Good gardens begin with great soil
And you can make your own soil great by following this advice
Soil is the foundation of life. Nothing sustains life without the foundation of what the soil produces. Our soils either directly or indirectly provide us with meat, milk, eggs, fruits and vegetables, beauty and shade. Whether you are planting fruits and vegetables or annuals and perennials, you need to understand the functioning elements of the soil. It's only called dirt when it's on your car, in your house or all over the kids.
Due to our low rainfall, our soil is alkaline and has little to no organic material. An alkaline soil has a high pH (more than 7.0 on a scale of 0 to 14). The alkalinity of a soil also determines what nutrients a plant can absorb. For example, plants absorb potassium more readily in alkaline soils but have trouble in absorbing manganese. Most garden plants prefer a neutral or slightly acidic soil.
Arizona is dryer and more temperate than most of the rest of the United States, resulting in a gardening experience rarely matched anywhere else. It may be different, but we can still garden here.
Know your soil type
Before starting soil preparation, determine what type of soil you have - sandy, clay, silt or loam - as well as other detrimental growing factors such as caliche and large rocks.
Sandy soils have the largest particles and the least water and nutrient holding capabilities, but allow maximum air circulation. Clay soils have the smallest particles, hold maximum amounts of moisture and nutrients, but allow minimum air flow. Often times they bind up the nutrients which are then not available to the plants.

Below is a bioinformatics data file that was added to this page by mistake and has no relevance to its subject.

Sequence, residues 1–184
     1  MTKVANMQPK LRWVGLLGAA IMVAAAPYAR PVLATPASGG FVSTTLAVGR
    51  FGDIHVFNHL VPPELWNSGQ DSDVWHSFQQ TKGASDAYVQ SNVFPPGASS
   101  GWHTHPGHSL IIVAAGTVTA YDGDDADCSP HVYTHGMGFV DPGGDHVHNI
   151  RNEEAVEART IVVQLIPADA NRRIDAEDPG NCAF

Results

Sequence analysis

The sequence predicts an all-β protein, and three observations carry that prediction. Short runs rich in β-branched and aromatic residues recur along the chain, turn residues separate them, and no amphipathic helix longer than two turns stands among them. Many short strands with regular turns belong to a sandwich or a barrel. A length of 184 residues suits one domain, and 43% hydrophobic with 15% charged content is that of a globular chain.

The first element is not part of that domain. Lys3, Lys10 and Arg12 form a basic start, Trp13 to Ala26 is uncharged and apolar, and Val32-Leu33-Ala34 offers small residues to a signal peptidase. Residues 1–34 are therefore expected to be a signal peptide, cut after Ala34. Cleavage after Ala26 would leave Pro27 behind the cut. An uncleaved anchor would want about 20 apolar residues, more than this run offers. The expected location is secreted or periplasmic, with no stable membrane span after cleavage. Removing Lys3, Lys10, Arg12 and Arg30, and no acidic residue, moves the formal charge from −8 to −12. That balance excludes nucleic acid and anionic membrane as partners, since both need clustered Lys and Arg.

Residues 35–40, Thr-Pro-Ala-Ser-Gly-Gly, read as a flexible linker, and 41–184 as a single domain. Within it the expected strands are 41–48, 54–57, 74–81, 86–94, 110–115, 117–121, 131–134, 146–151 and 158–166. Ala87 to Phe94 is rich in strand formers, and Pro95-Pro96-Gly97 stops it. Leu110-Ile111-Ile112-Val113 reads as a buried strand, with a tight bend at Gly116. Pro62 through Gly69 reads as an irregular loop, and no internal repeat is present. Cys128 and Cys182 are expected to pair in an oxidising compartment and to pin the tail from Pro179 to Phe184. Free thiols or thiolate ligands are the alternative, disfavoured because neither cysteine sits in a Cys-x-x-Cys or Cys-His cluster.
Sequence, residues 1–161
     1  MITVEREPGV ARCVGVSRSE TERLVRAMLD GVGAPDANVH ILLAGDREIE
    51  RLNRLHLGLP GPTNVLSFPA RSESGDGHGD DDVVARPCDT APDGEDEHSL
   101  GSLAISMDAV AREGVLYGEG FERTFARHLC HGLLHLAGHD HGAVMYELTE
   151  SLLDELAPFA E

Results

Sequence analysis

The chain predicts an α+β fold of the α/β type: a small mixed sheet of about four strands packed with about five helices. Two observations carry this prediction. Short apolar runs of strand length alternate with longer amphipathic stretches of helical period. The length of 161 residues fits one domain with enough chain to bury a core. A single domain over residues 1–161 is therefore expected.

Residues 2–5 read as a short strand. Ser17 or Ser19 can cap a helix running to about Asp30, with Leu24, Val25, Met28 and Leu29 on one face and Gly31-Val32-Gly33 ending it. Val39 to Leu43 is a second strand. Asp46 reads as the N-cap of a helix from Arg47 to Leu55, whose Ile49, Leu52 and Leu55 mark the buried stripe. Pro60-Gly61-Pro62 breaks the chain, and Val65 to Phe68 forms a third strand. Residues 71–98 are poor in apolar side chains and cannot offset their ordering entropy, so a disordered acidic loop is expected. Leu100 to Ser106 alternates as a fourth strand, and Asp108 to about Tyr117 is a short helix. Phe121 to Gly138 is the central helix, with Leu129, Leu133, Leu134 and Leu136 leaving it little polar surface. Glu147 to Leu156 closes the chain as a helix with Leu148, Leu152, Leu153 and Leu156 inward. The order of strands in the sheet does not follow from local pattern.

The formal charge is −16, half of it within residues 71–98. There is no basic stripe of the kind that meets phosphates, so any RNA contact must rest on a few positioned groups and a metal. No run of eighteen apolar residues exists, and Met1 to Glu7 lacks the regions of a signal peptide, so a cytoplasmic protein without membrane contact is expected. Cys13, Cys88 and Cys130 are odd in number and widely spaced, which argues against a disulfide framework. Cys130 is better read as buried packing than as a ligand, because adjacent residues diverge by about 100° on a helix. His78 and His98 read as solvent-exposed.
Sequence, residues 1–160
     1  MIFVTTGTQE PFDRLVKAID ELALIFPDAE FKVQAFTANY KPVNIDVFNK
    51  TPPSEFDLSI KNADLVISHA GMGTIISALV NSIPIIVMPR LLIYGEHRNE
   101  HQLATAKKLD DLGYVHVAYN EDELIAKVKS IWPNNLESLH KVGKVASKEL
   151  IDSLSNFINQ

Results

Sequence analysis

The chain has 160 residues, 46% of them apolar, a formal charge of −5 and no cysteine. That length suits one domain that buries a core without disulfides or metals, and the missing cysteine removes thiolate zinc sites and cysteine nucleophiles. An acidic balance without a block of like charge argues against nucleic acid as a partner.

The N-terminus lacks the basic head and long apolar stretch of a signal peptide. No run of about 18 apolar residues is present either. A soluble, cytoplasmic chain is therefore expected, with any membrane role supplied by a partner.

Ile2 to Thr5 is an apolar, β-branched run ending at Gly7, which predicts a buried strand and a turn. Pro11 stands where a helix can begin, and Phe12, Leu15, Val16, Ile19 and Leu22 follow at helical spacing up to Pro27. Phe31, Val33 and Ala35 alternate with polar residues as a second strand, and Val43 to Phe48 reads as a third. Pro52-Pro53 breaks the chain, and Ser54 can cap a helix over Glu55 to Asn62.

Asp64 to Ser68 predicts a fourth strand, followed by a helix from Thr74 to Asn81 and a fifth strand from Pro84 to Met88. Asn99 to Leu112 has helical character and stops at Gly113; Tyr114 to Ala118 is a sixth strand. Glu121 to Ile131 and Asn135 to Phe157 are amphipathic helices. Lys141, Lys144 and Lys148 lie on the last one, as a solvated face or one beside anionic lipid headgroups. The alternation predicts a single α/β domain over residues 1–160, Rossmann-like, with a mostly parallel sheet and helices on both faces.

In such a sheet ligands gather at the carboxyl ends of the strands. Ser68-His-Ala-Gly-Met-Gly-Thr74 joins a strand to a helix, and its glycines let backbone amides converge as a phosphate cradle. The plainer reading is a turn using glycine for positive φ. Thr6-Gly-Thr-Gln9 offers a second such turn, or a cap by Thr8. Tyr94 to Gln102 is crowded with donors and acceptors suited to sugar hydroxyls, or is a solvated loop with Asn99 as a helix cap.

Silty soils are made from medium size particles. They shed excess water more quickly than clay but not as quickly as sand. Silty soils tend to feel slick to the touch when they are wet.
Part sand, part clay, part silt and the addition of organic matter would be an ideal combination, commonly referred to as loam - a soil that has good water-holding capabilities, maximum nutrient retention and good air circulation. Loamy soils also encourage beneficial microorganisms which reportedly help plants absorb nutrients and resist disease.
Clear out the bad stuff
Large rocks, weed vegetation and caliche should be removed. What is caliche? Caliche is a layer of soil in which the soil particles have been cemented together by lime (calcium carbonate). Caliche is usually found as a light-colored layer in the soil or as white or cream-colored lumps. Layers will vary in thickness from a few inches to several feet, and there may be more than one layer.
What does caliche do to plants? The caliche layer can be so tight that roots cannot penetrate through, restricting root development. Caliche will not allow aeration or water movement, and can lead to salt accumulation and loss of nutrients. These factors will reduce the vigor of the plant and possibly bring it to its demise.
Starting a new gardening bed
If you are not gardening in permanent beds, maybe it's time to start. If you are starting a new bed, pick your location carefully. Consider water availability, wind and sun exposure, and accessibility. Also, identify a possible micro climate. I suggest you start small and allow room for expansion.
There are two ways to start a new gardening bed. One, remove 8 to 12 inches of the existing soil, setting it close by as you will be sifting it and replacing it. Put down a layer of cardboard, any old flattened boxes will do, followed by a layer of newspaper three to five sheets thick and a layer of composted manure about one inch thick.
Sprinkle lightly with ammonium sulfate or urea (both are nitrogen). Sift the removed soil and discard the rocks and debris. Return the sifted soil to the bed, adding 50 percent soil and 50 percent compost. If you do not have compost available, purchase a soil planting mix.